Saudi Arabia lacks specialists who could diagnose and manage an “epidemic” of brain disorders among young people, a leading neurologist has reportedly said.
Saeed Bohlega, professor and senior neurology consultant at the department of neurology at King Faisal Specialist Hospital in Riyadh and Saudi Neurology Society president, told the Arab News there were more young people with diseases such as multiple disorders, muscles diseases and genetic-related problems than older people with Alzheimer’s and other old-age diseases.
Speaking at the Brain Forum in Jeddah, he said it was worrying because children and young adults made up 50 percent of the country’s population.
Bohlega said mental and neurological disorders were on the rise, which he attributed to changes in lifestyle because of the wealth of the country.
He reportedly said there appeared to be an “epidemic” of these illnesses with almost 15,000 individuals affected. He said genetic disposition caused one-third of the problems, with environmental factors responsible for the other two-thirds.
“This means that the lifestyle of the people, food intake, Vitamin D-deficiency or maybe other reasons are responsible,” he said.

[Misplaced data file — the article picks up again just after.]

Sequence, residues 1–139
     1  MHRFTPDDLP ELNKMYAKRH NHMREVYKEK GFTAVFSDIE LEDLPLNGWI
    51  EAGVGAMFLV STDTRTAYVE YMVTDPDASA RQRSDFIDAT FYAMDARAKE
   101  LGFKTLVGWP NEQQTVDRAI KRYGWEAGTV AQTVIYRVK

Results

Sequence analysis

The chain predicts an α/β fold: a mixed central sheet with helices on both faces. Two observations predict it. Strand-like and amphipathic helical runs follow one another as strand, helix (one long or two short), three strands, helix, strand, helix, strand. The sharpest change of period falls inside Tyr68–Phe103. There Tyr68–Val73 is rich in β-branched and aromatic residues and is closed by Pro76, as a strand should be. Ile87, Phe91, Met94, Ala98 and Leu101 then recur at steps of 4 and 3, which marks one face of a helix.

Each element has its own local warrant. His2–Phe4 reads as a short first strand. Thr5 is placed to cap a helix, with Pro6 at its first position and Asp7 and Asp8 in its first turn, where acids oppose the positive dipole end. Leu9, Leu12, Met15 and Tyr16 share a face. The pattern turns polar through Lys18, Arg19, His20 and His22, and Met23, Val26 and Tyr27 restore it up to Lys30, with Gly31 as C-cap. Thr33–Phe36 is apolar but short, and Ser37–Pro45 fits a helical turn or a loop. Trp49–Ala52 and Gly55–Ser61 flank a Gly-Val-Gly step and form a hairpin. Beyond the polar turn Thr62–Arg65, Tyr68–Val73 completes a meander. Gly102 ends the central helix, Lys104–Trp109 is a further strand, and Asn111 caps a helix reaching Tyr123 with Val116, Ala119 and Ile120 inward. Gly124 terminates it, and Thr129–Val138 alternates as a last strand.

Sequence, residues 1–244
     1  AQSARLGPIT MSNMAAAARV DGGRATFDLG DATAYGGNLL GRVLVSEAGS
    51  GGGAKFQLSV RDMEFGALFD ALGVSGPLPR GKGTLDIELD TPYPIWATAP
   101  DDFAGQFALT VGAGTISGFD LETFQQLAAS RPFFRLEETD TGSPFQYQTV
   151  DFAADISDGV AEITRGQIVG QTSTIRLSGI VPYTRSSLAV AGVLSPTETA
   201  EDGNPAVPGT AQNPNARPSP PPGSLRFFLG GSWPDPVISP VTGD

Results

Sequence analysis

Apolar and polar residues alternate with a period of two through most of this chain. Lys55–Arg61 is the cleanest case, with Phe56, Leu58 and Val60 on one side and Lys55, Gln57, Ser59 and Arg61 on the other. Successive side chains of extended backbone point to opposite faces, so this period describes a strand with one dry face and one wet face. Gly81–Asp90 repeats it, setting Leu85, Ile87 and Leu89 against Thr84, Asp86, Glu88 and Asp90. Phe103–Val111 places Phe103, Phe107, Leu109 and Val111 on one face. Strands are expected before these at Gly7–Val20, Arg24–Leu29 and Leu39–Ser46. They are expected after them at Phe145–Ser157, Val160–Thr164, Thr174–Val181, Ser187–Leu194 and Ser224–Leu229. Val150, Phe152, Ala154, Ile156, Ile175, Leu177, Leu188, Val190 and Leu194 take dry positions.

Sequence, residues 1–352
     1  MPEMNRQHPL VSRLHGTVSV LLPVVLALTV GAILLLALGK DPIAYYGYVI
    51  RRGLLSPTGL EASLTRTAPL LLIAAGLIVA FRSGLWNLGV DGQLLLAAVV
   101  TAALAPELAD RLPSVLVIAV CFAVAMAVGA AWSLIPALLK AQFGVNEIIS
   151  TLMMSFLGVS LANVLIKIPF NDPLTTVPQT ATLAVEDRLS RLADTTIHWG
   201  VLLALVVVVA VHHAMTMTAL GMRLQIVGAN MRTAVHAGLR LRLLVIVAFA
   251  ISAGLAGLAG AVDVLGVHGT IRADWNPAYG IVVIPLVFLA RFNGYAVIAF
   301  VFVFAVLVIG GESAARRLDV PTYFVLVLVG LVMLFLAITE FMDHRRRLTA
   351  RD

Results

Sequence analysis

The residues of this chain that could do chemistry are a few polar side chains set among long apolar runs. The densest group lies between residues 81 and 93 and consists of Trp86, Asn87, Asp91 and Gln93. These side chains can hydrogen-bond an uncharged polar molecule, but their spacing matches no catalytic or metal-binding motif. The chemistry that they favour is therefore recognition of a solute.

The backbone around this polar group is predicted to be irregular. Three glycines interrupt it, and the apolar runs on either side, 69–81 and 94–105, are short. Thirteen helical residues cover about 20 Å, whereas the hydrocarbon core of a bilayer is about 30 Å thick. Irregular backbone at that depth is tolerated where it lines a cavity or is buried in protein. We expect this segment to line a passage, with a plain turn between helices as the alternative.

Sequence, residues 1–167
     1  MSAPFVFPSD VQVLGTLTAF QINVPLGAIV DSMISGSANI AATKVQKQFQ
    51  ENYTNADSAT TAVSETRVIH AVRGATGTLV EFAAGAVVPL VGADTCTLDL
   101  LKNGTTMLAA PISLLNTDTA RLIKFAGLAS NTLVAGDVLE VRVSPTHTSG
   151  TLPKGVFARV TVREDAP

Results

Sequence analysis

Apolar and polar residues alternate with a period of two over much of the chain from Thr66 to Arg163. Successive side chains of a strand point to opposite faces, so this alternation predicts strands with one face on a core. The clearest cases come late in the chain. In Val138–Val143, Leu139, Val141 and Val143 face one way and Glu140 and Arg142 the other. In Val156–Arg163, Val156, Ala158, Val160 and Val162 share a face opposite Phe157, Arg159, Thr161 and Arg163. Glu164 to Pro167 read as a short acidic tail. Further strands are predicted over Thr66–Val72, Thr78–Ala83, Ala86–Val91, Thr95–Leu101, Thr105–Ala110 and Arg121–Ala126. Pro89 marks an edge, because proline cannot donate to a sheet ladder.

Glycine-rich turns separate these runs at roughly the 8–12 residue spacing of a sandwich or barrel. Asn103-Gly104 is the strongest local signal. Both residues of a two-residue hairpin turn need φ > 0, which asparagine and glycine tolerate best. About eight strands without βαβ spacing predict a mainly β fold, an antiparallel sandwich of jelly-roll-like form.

“We don’t know exactly what the major reasons are but the prevalence of brain diseases among 20-year-olds has increased tenfold between 1986 and 2013.
“It’s not that easy, we have to look at early diagnosis and treatment which is very important in all the cases for better treatment. Spreading awareness is also very important. The medication is expensive but available for citizens.”
Bohlega praised the efforts of Walid Juffali, founder of W-Science and a pioneering businessman in the Kingdom, who had spearheaded efforts to tackle the issue.
“The Brain Forum is a global idea because it has brought experts together from all around the world, which has helped to highlight the advanced treatment and research in this area,” he said.